I am the head of the Student Plagiarism Review Committee at our school (Yes, I know it is an awful name . . . any suggestions?). The committee is an ad hoc committee to determine student plagiarism and consequences. We are not quite six weeks into the new school year, and, unfortunately, I have had to oversee four committee meetings already. Each time, the student accused of plagiarism pleaded ignorance–“I didn’t know that was plagiarism!” This is an all too common occurrence.
The purpose of this website is to give teachers the tools to educate students about plagiarism so that they can learn how to avoid it. If you are a follower of stopplagiarism.org, you know that my school has focused on this issue for over year with a blitzkrieg education program (see https://stopplagiarism.org/2015/02/27/our-plagiarism-campaign-at-the-international-school-of-sarajevo/). Nonetheless, students who sat through each one of these information session–one even wearing our stop plagiarism bracelet–pleaded a lack of knowledge about what constitutes plagiarism. I was baffled.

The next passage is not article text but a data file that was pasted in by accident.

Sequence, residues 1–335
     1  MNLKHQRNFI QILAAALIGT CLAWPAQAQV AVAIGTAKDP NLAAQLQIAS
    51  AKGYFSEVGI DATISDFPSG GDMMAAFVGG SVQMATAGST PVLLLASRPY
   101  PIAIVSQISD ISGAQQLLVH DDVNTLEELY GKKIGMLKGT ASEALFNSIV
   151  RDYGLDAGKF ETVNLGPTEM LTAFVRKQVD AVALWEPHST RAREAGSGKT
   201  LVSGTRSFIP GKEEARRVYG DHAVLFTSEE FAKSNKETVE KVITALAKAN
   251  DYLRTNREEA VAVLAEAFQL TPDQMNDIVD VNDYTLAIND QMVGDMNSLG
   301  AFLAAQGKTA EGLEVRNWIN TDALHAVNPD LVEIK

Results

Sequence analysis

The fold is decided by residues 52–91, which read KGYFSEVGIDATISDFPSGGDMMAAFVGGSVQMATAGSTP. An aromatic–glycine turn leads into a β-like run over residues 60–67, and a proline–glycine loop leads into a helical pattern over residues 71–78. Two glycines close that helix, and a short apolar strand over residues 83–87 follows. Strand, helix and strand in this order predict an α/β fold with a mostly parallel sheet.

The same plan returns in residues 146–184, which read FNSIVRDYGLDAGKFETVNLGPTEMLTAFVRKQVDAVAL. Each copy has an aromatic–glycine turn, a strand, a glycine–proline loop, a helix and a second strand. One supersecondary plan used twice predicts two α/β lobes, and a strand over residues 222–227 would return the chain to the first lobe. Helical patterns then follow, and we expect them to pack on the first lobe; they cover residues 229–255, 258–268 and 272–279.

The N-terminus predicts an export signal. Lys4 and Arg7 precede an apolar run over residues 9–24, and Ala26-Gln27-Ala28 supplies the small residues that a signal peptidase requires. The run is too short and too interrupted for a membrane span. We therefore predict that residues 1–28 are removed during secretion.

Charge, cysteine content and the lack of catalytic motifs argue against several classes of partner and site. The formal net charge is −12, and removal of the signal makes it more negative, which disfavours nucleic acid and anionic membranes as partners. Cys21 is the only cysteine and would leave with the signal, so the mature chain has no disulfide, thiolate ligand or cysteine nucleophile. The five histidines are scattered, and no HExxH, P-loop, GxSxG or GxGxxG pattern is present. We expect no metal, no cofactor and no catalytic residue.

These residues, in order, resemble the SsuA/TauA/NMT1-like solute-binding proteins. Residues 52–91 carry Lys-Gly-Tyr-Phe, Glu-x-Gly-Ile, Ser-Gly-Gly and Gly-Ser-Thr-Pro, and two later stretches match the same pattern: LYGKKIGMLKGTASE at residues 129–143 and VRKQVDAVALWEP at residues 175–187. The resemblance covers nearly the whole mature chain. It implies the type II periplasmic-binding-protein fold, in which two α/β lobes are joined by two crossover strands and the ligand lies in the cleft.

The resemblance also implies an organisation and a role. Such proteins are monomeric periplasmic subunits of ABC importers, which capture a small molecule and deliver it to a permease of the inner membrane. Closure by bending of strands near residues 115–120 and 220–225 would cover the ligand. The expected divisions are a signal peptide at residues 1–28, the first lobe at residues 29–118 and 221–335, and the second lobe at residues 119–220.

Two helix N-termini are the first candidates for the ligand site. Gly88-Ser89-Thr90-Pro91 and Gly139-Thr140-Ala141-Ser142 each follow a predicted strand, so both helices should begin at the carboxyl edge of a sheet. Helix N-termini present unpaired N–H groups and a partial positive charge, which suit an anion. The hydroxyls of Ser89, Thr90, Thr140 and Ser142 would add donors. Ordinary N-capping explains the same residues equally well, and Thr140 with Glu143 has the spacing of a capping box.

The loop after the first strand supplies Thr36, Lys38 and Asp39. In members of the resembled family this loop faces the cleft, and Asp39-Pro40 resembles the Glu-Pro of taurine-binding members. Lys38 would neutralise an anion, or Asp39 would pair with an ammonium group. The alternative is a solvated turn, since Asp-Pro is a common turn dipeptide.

As I reflect on these four sessions, I have learned one thing–teachers need to constantly teach students about the gravity of plagiarism as well as the benefits from avoiding it (not just the consequences!). English teachers around the world are checking off the obligatory beginning of the class speech about plagiarism. They will not revisit the issue until the following year. Don’t do this, for the sake of your students. Every so often–at least once a month–briefly revisit something related to plagiarism to keep the issue at the forefront of the students’ minds. Remind them every paper to be original, creative, and critical and not cheat themselves by committing plagiarism. Only be constantly reminding our students can we help them see how serious an issue it is and help them avoid sitting in front of the dreaded plagiarism committee.